Ko Samui

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Koh Samui
Island
Koh Samui
Lipa Noi Beach
Lipa Noi Beach
Koh Samui is located in Thailand
Koh Samui
Koh Samui
Coordinates: 9°30′N 100°00′E / 9.500°N 100.000°E / 9.500; 100.000Coordinates: 9°30′N 100°00′E / 9.500°N 100.000°E / 9.500; 100.000
Country Thailand
Province Surat Thani
Area
 • Total 228.7 km2 (88.3 sq mi)
Highest elevation 635 m (2,083 ft)
Lowest elevation 0 m (0 ft)
Population (2012)
 • Total 62,500
 • Density 270/km2 (710/sq mi)
Time zone Indochina Time (ICT) (UTC+7)
Country code +66
Bo Phut Beach

Ko Samui (or Koh Samui, Thai: เกาะสมุย, Thai pronunciation: [kɔ̀ʔ samǔj]), is an island off the east coast of the Kra Isthmus in Thailand. Located geographically in the Chumphon Archipelago, its administratively part of the Surat Thani Province. Ko Samui is Thailand's second-largest island after Phuket, with an area of 228.7 km2, a population of over 63,000 and an annual tourist population of 1.5 million.[1] Abundant natural resources, white sandy beaches, coral reefs and coconut trees are present on the island.

History[edit]

The island was probably first inhabited about 15 centuries ago, settled by fishermen from the Malay Peninsula[2] and southern China. It appears on Chinese maps dating back to 1687, under the name Pulo Cornam. The name Samui is mysterious in itself. Perhaps it is an extension of the name of one of the native trees, mui, or from the Malay word saboey, meaning "safe haven"[citation needed]. Ko is the Thai word for "island".

Until the late-20th century, Ko Samui was an isolated self-sufficient community, having little connection with the mainland of Thailand.[citation needed] The island was without roads until the early 1970s, and the 15 km journey from one side of the island to the other could involve a whole-day trek through the mountainous central jungles.

Ko Samui's economy now is based primarily on a successful tourist industry, as well as exports of coconut and rubber.

Whilst the island presents an unspoiled image to the public perception, economic growth has brought not only prosperity, but also major changes to the island's environment and culture, a source of conflict between local residents and newcomers from other parts of Thailand and elsewhere.[3] Reflecting Samui's growth as a tourist destination, the Cunard ship MS Queen Victoria (a 2000-plus passenger ship) docked at Samui during its 2008 world cruise.[4]

Geography[edit]

Sunrise at a beach

Ko Samui is in the Gulf of Thailand, about 35 km northeast of Surat Thani town (9°N, 100°E). It is the most significant island in the Chumphon Archipelago. The island measures some 25 km at its widest point. It is surrounded by about sixty other islands, which together compose the Ang Thong Marine National Park (Mu Ko Ang Thong National Park) and include many other popular tourist destinations, including, Ko Pha Ngan, Ko Tao, and Ko Nang Yuan.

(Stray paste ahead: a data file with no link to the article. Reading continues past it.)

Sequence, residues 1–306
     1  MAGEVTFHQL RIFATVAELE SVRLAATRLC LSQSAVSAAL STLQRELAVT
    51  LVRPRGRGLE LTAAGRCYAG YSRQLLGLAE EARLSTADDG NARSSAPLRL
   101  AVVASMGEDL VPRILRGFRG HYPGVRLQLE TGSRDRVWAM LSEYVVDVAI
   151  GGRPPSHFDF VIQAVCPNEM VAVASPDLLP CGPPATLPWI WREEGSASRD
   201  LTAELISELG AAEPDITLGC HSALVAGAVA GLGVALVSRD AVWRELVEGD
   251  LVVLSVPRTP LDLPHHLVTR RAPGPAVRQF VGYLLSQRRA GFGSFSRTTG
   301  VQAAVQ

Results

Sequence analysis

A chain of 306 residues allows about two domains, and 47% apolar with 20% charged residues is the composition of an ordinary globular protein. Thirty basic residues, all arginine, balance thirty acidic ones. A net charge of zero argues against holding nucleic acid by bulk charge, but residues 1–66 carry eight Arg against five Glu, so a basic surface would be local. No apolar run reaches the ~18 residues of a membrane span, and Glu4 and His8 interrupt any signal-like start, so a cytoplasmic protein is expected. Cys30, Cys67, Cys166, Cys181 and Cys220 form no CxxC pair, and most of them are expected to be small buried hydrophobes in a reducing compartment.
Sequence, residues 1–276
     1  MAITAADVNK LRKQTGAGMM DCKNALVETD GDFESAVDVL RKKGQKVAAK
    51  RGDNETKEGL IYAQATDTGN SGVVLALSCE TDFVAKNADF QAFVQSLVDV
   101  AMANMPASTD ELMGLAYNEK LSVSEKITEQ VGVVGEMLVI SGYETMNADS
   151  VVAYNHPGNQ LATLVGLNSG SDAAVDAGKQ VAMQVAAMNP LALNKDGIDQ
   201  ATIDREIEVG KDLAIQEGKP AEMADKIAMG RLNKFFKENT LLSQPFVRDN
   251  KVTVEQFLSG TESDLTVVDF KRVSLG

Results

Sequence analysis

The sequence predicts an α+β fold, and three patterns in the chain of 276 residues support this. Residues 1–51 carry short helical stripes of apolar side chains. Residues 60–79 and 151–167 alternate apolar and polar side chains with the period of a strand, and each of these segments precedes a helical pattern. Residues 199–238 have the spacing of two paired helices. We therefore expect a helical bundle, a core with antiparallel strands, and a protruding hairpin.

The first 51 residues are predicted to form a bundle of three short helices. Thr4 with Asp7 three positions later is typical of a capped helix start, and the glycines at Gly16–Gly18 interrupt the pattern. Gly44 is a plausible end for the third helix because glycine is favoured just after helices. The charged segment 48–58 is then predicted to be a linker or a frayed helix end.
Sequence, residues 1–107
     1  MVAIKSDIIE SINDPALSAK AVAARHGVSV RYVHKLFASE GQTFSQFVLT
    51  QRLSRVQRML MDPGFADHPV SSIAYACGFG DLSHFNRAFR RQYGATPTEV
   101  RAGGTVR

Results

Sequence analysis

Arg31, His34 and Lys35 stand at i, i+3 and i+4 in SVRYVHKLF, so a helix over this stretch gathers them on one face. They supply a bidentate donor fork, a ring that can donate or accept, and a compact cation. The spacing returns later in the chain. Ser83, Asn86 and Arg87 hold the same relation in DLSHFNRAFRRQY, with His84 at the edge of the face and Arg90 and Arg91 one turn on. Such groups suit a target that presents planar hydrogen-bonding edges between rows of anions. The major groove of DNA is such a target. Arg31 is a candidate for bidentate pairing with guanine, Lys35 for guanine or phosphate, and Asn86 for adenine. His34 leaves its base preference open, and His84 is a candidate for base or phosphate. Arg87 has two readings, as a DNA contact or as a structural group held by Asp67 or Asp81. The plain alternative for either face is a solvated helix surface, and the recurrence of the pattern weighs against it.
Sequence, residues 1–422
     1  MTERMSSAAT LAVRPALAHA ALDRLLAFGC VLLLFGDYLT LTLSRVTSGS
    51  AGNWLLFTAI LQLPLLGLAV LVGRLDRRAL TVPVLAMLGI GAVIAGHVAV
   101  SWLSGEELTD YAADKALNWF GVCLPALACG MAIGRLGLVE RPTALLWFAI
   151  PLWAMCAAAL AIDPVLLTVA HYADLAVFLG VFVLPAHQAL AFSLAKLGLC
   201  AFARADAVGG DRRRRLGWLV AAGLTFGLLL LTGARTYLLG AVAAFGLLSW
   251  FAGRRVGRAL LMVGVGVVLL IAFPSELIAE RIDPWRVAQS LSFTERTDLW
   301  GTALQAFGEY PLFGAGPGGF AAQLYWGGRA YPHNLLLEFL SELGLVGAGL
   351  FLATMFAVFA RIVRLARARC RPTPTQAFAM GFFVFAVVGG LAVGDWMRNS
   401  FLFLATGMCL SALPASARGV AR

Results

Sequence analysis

The central part of the island is an almost uninhabitable tropical jungle mountain called Khao Pom, peaking at 635 m. The various lowland and coastal areas are connected by a single 51 km road, running mostly along the coastline and encircling the bulk of the island. On the northwest coast of the island is the old capital, Nathon. Although Nathon spreads over a large area, the actual port and main business district is relatively small.

Nathon is the major port for vehicular and goods transportation from the mainland, it is the centre of the fishing industry, and remains the seat of the regional government. The majority of governmental functions are based here, as is the public hospital. Being the location of the main port and the closest inhabited area to the mainland provided the impetus for Nathon becoming the commercial centre for Samui locals. More recently, the decline in dependence on the local coconut industry, the continued growth and development of the tourist industry, and the northeastern location of the airport, has seen the slow move of the commercial centre to Chaweng.[citation needed]

Climate[edit]

Ko Samui features a tropical monsoon climate under Köppen’s climate classification. However the city only has one true dry season month. Average monthly precipitation in February falls below 60 mm, the threshold for a tropical dry season month. The climate is warm and humid for most of the year. However, in comparison to Phuket and most of the rest of southern Thailand, Samui's weather is relatively dry. The heaviest precipitation is typically seen in the months of October and November.[5] For the rest of the year, given the tropical climate, rain showers are brief; 20–60 minutes duration is typical. The island sees on average just under 2000 mm of precipitation annually.

Climate data for Ko Samui (1981–2010)
Month Jan Feb Mar Apr May Jun Jul Aug Sep Oct Nov Dec Year
Average high °C (°F) 29.0
(84.2)
29.4
(84.9)
30.6
(87.1)
32.6
(90.7)
32.5
(90.5)
32.2
(90)
32.1
(89.8)
31.7
(89.1)
30.5
(86.9)
29.6
(85.3)
29.2
(84.6)
32.0
(89.6)
30.95
(87.73)
Average low °C (°F) 24.2
(75.6)
25.0
(77)
25.6
(78.1)
26.1
(79)
25.7
(78.3)
25.5
(77.9)
25.2
(77.4)
25.2
(77.4)
24.8
(76.6)
24.3
(75.7)
24.1
(75.4)
23.9
(75)
24.97
(76.95)
Rainfall mm (inches) 86.2
(3.394)
54.4
(2.142)
80.8
(3.181)
83.1
(3.272)
155.9
(6.138)
124.1
(4.886)
116.3
(4.579)
110.9
(4.366)
121.7
(4.791)
309.8
(12.197)
506.6
(19.945)
210.3
(8.28)
1,960.1
(77.171)
Avg. rainy days (≥ 1 mm) 11 5 4 8 16 15 15 15 16 20 20 15 160
 % humidity 83 82 82 81 80 78 78 78 80 85 85 82 81.2
Source: Thai Meteorological Department (Normal 1981-2010), (Avg. rainy days 1961-1990)

Administration[edit]

Ko Samui is an amphoe (district) of Surat Thani Province, subdivided into 7 subdistricts (tambon). The complete island is one city municipality (thesaban nakhon). The district covers the island, as well as the Ang Thong archipelago and some other small islands nearby.